by Major Steve Merritt
The theme of this year’s National Advisory Organizations Conference (NAOC) was Expect Change. It seems to me challenging words for an Army that has been in business for more than 150 years. Well, they’re challenging words for our culture, period. Who likes change, much less expects it?
I landed in the dry desert heat of Phoenix, Ariz., with this theme resonating in my mind. What does this change look like? How do we engage to greater capacity the relationships of professionals, including young adults like Echelon, in our communities?
More than 2,500 delegates—officers, employees and advisory board/council and auxiliary members from across the nation—gathered with great expectations to share and learn from one another and experts on how better to bring change to our communities.
Delegates were challenged to expect change from the start by keynote speaker football legend Emmitt J. Smith. Other inspiring speakers included Dr. Leith Anderson, president of the National Association of Evangelicals, Joel K. Manby, chief executive of SeaWorld Parks and Entertainment, Charlotte Jones Anderson, Dallas Cowboys executive vice president, and General André Cox who gave a stirring closing message to which many responded at the altar.
Breakout sessions on a vast variety of topics from social media to fundraising to advisory board development were of great value as we listened to presenters and also to one another discussing change. I heard from board members and officers who were discussing changes that would be put in place when they returned home.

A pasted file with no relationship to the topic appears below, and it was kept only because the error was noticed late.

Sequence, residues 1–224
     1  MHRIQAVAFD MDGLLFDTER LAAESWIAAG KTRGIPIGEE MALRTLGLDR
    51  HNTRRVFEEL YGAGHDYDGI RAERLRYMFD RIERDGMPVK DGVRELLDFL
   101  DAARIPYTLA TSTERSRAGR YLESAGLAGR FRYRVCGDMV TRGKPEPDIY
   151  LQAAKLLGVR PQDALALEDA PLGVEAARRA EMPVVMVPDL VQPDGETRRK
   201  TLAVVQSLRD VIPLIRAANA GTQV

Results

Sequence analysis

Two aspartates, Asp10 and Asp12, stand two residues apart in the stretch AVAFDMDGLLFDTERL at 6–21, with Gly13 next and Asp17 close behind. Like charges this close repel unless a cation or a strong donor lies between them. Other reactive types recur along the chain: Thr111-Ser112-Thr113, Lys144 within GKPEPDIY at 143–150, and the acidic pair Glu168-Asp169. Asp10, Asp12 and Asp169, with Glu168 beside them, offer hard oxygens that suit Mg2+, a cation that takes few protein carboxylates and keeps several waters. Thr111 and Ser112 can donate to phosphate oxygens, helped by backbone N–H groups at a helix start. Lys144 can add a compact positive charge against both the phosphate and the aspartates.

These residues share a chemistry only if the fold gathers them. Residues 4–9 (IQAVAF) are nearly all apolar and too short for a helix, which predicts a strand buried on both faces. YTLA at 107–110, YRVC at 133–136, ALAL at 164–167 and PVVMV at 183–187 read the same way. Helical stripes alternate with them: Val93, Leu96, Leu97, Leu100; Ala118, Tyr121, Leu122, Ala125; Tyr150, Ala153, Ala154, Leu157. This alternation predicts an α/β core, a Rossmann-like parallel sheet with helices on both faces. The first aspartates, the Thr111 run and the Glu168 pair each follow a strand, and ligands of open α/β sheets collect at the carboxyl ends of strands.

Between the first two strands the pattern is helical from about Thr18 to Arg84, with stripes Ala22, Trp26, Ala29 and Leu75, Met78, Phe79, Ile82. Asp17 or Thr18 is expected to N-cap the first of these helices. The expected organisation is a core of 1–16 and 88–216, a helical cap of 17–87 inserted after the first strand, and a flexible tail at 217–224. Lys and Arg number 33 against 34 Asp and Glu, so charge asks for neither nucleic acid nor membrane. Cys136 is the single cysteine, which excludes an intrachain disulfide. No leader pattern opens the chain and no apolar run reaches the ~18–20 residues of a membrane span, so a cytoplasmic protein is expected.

In all of this, it’s important to remember true change is found in the transforming power of the Holy Spirit and the warming of the human heart to His change. As The Salvation Army, we are a people who expect change to occur on a daily basis, not necessarily on some grand scale but one life at time. The Apostle Peter said to expect change and to stimulate wholesome thinking toward changing the world. Maybe this is the change that’s truly needed: a renewing of the mind, how we approach one another and “Others” through this wonderful Salvation Army.
We do expect change. I expect change in my life and my ministry.
One thing I don’t expect to change is the commonality we have as we walk through a sea of uniformed Salvationists and friends. The likeminded, passionate dedication to God and the Army is needed more than ever in our communities. We should expect change every time we give out a bag of food, visit a nursing home or ask for financial support. God is leading us, and we can do nothing less than expect change in the lives of those He’s entrusted us to care for, to shepherd and to befriend. So, I’ve returned home expecting change!